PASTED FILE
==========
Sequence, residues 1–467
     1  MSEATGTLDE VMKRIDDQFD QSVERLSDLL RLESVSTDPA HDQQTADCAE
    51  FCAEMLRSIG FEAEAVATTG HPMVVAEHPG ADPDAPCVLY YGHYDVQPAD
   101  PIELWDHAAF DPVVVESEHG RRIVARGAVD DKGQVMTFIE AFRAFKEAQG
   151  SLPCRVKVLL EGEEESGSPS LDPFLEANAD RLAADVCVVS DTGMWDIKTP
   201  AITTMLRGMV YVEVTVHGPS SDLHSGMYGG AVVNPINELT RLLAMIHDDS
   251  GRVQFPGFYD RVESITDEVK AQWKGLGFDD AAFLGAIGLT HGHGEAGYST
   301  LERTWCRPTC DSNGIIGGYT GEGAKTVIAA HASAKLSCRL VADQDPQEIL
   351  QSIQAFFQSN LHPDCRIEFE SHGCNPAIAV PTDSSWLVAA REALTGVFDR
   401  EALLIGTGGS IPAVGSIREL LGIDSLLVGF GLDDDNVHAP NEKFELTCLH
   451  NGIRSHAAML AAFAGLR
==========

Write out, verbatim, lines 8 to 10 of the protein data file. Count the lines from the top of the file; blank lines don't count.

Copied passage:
   301  LERTWCRPTC DSNGIIGGYT GEGAKTVIAA HASAKLSCRL VADQDPQEIL
   351  QSIQAFFQSN LHPDCRIEFE SHGCNPAIAV PTDSSWLVAA REALTGVFDR
   401  EALLIGTGGS IPAVGSIREL LGIDSLLVGF GLDDDNVHAP NEKFELTCLH